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Right triangle and two parallelograms

This is the first problem of #PeruMOTraining, you can see my first post here. I proposed this problem for the Peruvian Mathematical Olympiad, in 2011. Please post your solutions!

Problem Let \(ABC\) be a right triangle, with \(\angle ABC=90^\circ\). Let \(CM\) and \(AN\) be interior bisectors intersecting at \(I\) (\(M\) is on the segment \(AB\) and \(N\) is on the segment \(BC\) ). Construct the paralellograms \(AMIP\) and \(CNIQ\). If \(U\) and \(V\) are the midpoints of segments \(AC\) and \(PQ\), respectively. Prove that \(UV\) and \(AC\) are perpendicular.

Note by Jorge Tipe
3 years, 10 months ago

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Let's assume AB=a, BC=b and CA=c. X is the point so that VX is parallel to AB and UX is parallel to BC. So VXU is a right triangle at X. Let r be the inradius of ABC, so r = (a+b-c)/2. Let's calculate VX and UX.

VX = (1/2)IP + r - (1/2)AB = (1/2) (AM + 2r - a) = (1/2) (AM + (b-c))

By the angle bisector theorem AM/MB = c/b, so AM/a=c/(b+c), or AM = ac/(b+c) . Hence

(b+c)(AM + (b-c)) = ac + (b^2-c^2) = ac - a^2 = a(c-a) = a(c-a)(c+a)/(a+c) = ab^2/(a+c)

So 2(a+c)(b+c)VX = ab^2 Similarly 2(a+c)(b+c)UX = ba^2

So VX/UX= b/a = CB/AB. Hence VXU is similar to CBA. This should be enough to conclude UV is perpendicular to AC.

George G - 3 years, 10 months ago

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Please, can you explain why \(VX= (1/2)IP + r - (1/2)AB \) ?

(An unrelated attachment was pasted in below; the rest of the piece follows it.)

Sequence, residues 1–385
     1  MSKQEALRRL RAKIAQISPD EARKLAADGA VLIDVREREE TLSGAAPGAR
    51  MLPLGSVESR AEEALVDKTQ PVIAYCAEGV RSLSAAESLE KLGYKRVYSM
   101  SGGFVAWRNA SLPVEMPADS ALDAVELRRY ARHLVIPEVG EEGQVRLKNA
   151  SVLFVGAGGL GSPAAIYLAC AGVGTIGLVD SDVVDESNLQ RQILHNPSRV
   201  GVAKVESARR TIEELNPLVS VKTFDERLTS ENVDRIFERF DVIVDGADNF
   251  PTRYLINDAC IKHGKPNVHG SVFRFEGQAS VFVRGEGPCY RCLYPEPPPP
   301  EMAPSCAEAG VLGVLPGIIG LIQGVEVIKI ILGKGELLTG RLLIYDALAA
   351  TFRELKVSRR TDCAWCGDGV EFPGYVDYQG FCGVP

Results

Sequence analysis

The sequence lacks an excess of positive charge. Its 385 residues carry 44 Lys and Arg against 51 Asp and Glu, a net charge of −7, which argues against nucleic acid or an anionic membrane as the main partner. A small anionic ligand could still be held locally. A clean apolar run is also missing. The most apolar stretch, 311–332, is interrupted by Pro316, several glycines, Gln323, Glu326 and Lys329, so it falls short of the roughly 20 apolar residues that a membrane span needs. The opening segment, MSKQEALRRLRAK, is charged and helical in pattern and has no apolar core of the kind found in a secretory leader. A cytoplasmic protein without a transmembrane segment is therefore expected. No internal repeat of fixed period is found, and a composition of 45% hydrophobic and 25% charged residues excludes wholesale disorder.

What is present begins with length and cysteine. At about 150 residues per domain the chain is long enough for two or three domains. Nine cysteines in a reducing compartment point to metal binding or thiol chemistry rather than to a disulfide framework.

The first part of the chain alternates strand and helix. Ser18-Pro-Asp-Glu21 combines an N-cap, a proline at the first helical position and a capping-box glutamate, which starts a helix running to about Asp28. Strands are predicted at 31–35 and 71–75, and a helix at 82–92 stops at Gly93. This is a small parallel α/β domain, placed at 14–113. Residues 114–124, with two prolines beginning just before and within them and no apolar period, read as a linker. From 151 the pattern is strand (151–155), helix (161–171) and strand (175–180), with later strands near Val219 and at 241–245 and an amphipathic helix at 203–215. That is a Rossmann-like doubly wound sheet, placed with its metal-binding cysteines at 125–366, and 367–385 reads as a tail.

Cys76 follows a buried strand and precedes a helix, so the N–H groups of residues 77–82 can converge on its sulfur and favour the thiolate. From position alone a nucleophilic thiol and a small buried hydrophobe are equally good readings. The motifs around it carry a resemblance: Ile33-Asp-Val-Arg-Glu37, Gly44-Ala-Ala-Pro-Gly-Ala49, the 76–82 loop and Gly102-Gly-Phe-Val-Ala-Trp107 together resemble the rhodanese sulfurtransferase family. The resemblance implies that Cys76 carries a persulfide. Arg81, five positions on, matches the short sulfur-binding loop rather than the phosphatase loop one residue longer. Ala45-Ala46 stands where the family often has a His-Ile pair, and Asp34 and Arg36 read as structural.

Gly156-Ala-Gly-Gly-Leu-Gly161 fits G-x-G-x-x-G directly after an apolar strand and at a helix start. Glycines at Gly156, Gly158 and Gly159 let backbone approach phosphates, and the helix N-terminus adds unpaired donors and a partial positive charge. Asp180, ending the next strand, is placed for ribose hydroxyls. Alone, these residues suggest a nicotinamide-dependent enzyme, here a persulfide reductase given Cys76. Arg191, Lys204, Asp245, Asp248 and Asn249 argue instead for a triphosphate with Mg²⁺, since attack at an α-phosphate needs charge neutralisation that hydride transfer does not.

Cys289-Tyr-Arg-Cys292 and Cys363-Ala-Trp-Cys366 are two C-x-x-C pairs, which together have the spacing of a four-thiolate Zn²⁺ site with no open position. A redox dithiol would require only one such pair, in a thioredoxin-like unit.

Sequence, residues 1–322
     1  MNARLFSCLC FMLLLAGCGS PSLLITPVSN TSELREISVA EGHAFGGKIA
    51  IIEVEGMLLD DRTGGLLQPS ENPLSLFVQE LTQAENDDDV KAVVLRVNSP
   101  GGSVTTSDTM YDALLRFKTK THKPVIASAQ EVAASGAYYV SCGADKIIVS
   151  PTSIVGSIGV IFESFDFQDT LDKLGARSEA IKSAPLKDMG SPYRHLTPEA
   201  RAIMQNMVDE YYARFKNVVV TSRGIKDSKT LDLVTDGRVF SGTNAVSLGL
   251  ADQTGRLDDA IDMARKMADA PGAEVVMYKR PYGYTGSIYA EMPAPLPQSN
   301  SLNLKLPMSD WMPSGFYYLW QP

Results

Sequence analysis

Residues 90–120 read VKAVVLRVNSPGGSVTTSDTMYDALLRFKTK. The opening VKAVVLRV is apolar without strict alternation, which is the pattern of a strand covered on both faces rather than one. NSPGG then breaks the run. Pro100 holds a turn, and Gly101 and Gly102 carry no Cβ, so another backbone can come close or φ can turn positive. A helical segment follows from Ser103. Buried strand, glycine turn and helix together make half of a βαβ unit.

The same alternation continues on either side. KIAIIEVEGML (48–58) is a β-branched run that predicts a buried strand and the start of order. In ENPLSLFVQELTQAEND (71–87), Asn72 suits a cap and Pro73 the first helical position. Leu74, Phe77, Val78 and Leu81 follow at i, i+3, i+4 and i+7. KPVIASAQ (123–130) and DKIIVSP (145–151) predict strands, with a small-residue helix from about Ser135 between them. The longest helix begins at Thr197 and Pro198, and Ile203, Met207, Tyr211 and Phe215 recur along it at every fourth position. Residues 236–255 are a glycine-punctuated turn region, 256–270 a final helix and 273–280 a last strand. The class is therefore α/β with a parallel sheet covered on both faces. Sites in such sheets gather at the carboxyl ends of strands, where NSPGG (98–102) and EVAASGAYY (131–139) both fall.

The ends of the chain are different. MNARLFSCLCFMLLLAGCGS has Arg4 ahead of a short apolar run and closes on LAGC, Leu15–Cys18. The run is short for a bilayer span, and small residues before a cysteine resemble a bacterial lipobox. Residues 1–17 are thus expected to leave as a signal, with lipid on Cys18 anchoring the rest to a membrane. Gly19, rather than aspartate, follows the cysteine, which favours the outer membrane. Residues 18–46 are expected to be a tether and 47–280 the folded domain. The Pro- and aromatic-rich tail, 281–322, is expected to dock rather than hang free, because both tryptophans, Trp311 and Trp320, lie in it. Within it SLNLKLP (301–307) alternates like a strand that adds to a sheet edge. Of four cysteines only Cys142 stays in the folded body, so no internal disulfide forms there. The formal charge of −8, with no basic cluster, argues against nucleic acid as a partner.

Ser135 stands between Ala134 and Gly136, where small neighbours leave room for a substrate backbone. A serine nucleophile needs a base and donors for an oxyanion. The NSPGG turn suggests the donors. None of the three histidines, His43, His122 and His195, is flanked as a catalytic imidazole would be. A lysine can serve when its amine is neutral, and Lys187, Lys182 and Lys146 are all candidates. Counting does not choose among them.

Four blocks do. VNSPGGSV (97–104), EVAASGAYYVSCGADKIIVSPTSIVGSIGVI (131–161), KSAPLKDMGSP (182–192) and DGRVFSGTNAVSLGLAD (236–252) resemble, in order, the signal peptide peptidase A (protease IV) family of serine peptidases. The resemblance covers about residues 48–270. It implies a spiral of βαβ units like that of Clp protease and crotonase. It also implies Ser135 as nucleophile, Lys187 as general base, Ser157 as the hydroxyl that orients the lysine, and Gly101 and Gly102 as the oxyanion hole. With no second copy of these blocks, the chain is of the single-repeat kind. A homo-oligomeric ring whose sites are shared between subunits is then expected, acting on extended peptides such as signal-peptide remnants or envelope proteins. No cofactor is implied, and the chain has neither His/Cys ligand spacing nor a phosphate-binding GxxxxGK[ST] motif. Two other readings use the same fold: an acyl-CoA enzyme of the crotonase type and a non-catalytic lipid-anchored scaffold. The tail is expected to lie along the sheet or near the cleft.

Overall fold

Jorge Tipe - 3 years, 10 months ago

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The (distance from V to BC) is the (distance from V to IQ) + the (distance from I to BC)

The (distance from V to IQ) = (1/2)IP

The (distance from I to BC) = r

The (distance from U to BC) = (1/2)AB

VX = (distance from V to BC) - (distance from U to BC)

George G - 3 years, 10 months ago

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Wow I'm so happy that the new features have given us not only geometry problems, but also more discussions.

This is a very nice problem here I will give a synthetic solution:

Let's take advantage of all these midpoints. We construct a point on ray\(AV\) such that \(V\) is the midpoint of \(AK\).Now we have \(VU\parallel CK\), which means we just have to prove \(CK\perp AC\). Moreover, we get parallelogram \(APKQ\) so \(QK=MI, IN=QC, \angle KQC=\angle CIN=45\). Now since \(\angle QCA=\angle CAN=\angle NAB\), therefore \(CK\perp AC\) is equivalent to proving \(\angle KCQ=90-\angle QCA=90-\angle NAB=\angle ANB\). Since \(\angle KQC=45=\angle NBI\), thus we just have to prove \(\triangle KQC\sim \triangle IBN\) or simply \(\frac {BI}{BN}=\frac {QK}{QC}=\frac {MI}{IN}\). This is indeed true from \(\triangle MIB\sim \triangle INB\) and here's its proof: since \(\angle AIM=\angle ABI=45\), therefore \(\angle NIB=\angle IAM+\angle IBA=\angle IAM+\angle AIM=\angle IMB\). It's already known that \(\angle IBM=\angle IBN\), so that gives us the similarity. \(\Box\)

I haven't been keeping up with all these posts lately, wish I had found this sooner. :)

Xuming Liang - 3 years, 10 months ago

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Nice solution Xuming! You find another property of a right triangle: triangles \(MBI\) and \(IBN\) are similar!

Jorge Tipe - 3 years, 10 months ago

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I actually have a few more. I found them while trying different constructions of points and lines.

Xuming Liang - 3 years, 10 months ago

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The following is a nice property about a right triangle.